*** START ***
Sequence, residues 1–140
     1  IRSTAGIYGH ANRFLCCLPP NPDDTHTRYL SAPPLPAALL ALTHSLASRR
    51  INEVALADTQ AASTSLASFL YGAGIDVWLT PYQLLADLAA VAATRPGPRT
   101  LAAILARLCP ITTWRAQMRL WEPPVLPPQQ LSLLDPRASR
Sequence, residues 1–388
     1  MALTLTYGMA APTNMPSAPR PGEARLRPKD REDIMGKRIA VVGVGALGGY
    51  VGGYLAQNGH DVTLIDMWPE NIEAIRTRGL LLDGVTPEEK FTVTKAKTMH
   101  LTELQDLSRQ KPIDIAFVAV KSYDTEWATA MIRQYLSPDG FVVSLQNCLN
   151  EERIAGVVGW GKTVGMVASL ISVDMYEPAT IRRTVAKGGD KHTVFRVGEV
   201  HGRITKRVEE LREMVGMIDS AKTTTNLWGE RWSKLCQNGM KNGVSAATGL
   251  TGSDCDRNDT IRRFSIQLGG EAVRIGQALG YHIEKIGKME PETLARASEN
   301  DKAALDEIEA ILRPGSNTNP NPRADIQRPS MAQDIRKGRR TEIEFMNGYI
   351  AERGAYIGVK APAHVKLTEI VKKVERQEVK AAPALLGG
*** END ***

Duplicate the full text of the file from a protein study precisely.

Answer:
Sequence, residues 1–140
     1  IRSTAGIYGH ANRFLCCLPP NPDDTHTRYL SAPPLPAALL ALTHSLASRR
    51  INEVALADTQ AASTSLASFL YGAGIDVWLT PYQLLADLAA VAATRPGPRT
   101  LAAILARLCP ITTWRAQMRL WEPPVLPPQQ LSLLDPRASR
Sequence, residues 1–388
     1  MALTLTYGMA APTNMPSAPR PGEARLRPKD REDIMGKRIA VVGVGALGGY
    51  VGGYLAQNGH DVTLIDMWPE NIEAIRTRGL LLDGVTPEEK FTVTKAKTMH
   101  LTELQDLSRQ KPIDIAFVAV KSYDTEWATA MIRQYLSPDG FVVSLQNCLN
   151  EERIAGVVGW GKTVGMVASL ISVDMYEPAT IRRTVAKGGD KHTVFRVGEV
   201  HGRITKRVEE LREMVGMIDS AKTTTNLWGE RWSKLCQNGM KNGVSAATGL
   251  TGSDCDRNDT IRRFSIQLGG EAVRIGQALG YHIEKIGKME PETLARASEN
   301  DKAALDEIEA ILRPGSNTNP NPRADIQRPS MAQDIRKGRR TEIEFMNGYI
   351  AERGAYIGVK APAHVKLTEI VKKVERQEVK AAPALLGG